Pranav’s Blog

What is fire?

When I was a kid, I learned that there were three states of matter: solid, liquid, and gas. And then a little bit later, my science teachers tossed around the word "plasma" as another mysterious state of matter no one knew about. So I started labeling things -- water is a liquid, helium is a gas, oobleck is a... liquid? Wait, what's light, then?

It's easy to categorize most of what we see as solid, liquid, or gas. But when we start considering "things" such as light or fire, we realize there's a disconnect. Not every "thing" is in a state of matter.

What is a "thing"?

The first question we need to ask is what a "thing" is. Most of what we see is matter. Britannica defines matter as a "material substance"[1]. That doesn't really give us much information. Wikipedia says matter is "any substance that has mass and takes up space"[2]. Again, not much info, but maybe we can look at mass and volume, which are two defining qualities of matter.

Mass is surprisingly hard to define and has several different physics related definitions. One of them involves an object's resistance to being moved, another is related to gravity, another is related to quantum mechanics, etc. But these seem to be getting into a never ending spiral of definitions.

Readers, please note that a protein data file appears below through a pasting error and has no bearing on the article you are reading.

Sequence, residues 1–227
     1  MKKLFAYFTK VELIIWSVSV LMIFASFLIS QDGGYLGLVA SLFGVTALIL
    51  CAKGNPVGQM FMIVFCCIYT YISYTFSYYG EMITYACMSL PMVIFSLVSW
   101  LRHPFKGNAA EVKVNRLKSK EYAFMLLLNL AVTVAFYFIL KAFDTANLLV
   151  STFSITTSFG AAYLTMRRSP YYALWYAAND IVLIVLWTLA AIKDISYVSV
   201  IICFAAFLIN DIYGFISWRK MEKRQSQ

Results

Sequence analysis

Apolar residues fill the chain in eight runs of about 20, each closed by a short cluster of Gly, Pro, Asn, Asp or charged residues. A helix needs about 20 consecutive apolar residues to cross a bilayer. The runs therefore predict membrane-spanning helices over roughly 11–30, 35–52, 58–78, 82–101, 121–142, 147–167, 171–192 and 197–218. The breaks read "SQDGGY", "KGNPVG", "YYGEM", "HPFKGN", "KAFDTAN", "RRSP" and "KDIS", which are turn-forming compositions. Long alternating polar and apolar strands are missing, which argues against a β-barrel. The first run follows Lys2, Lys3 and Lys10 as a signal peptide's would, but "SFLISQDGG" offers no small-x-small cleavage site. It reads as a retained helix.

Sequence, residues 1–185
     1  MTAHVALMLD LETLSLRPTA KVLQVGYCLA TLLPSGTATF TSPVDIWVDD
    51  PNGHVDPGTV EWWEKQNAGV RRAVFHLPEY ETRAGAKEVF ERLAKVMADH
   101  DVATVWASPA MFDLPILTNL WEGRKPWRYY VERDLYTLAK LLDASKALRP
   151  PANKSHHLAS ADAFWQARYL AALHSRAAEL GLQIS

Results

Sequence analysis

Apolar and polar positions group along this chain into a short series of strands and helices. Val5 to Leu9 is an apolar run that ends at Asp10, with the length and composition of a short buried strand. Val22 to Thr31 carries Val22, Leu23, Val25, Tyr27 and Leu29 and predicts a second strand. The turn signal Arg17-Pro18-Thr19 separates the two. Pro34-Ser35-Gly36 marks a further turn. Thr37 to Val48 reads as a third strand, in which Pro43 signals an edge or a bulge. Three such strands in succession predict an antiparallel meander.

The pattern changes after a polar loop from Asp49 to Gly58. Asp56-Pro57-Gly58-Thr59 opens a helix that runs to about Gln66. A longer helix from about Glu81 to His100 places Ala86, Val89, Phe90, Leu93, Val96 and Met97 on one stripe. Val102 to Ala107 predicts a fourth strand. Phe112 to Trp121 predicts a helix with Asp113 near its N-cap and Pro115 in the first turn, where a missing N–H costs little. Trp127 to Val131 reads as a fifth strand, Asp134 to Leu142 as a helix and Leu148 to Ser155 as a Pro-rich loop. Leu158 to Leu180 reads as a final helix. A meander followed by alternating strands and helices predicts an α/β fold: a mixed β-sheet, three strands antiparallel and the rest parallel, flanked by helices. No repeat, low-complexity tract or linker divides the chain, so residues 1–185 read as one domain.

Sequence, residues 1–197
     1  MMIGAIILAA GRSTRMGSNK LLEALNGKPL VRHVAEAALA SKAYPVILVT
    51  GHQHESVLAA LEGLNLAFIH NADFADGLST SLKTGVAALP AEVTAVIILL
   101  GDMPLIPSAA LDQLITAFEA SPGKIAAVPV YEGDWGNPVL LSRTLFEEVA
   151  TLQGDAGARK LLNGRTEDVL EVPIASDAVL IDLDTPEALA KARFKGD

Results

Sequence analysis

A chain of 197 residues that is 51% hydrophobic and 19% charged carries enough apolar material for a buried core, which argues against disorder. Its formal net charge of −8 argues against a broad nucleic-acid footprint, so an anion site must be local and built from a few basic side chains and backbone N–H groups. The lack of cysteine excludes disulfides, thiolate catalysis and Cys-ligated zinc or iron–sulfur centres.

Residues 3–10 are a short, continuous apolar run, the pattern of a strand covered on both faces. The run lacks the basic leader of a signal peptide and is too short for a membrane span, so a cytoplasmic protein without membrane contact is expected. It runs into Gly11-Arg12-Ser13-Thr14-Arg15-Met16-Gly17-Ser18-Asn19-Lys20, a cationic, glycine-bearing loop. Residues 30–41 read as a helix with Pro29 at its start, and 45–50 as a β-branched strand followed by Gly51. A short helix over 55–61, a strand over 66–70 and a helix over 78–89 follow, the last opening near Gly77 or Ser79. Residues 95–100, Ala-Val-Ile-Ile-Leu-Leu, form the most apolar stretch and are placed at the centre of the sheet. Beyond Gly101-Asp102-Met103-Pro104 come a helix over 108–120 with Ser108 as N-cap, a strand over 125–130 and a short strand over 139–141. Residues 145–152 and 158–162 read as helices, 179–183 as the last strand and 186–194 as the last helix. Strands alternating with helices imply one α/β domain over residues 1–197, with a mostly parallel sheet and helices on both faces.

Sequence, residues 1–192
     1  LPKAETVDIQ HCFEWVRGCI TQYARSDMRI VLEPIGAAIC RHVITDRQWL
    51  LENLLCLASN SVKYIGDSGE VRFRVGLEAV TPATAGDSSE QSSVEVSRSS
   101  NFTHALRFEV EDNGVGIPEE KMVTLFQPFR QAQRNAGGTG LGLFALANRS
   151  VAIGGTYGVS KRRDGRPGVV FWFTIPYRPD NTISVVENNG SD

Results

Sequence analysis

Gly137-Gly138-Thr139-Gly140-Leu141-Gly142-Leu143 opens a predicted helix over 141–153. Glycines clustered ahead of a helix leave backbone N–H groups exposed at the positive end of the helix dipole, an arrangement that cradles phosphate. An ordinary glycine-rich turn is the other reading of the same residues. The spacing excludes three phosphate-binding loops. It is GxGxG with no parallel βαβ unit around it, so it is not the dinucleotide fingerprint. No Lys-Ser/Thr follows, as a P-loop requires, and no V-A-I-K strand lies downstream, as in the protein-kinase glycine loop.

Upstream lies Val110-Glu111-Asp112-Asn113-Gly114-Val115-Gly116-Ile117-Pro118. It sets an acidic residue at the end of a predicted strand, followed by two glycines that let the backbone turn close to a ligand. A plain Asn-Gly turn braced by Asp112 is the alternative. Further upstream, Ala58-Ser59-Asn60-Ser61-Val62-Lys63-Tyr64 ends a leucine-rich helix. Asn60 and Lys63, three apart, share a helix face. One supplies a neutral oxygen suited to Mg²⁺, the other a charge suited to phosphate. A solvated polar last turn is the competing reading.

Going back to matter, then. Instead of trying to define the word itself, we can look to a specific form of matter -- an element. A chemical element is a "thing" (scientists like to say "substance") that can't be broken down into smaller, different things. The smallest unit of an element is an atom.

So maybe we can say that most "things" we encounter are made up of elements, which are then made up of atoms.

What about combinations of "things"?

The first question you should have is: what about things that aren't just one element? Almost anything you see in your daily life is made up of more than one element. In fact, a lot of elements are very dangerous and explosive when they get exposed to the outside world.

Most "things" we see are combinations of elements. Some "things" are chemical combinations, known as compounds. Others are physical combinations, known as mixtures.

What about non-"things"?


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